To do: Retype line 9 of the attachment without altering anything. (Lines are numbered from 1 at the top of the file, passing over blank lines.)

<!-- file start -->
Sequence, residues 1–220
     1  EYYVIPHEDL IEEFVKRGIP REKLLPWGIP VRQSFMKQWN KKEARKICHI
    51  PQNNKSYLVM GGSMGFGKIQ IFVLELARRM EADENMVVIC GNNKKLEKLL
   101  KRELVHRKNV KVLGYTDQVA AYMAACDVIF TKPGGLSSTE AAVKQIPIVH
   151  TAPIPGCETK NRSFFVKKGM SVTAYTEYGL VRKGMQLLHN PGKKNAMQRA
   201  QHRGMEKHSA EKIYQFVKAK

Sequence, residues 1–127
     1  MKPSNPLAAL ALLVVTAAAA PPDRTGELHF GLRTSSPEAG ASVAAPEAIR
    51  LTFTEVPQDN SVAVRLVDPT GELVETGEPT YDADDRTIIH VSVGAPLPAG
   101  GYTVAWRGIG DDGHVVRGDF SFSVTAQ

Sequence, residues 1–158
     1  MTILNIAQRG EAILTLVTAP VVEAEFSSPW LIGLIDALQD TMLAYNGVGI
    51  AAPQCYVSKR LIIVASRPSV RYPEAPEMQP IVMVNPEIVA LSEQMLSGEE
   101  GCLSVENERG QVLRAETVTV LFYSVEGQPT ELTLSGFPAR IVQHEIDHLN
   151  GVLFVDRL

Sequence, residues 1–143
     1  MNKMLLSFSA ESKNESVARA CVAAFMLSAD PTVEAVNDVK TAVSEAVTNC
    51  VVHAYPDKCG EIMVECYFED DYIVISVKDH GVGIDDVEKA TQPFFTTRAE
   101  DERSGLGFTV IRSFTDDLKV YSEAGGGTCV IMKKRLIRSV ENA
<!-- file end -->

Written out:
    51  LTFTEVPQDN SVAVRLVDPT GELVETGEPT YDADDRTIIH VSVGAPLPAG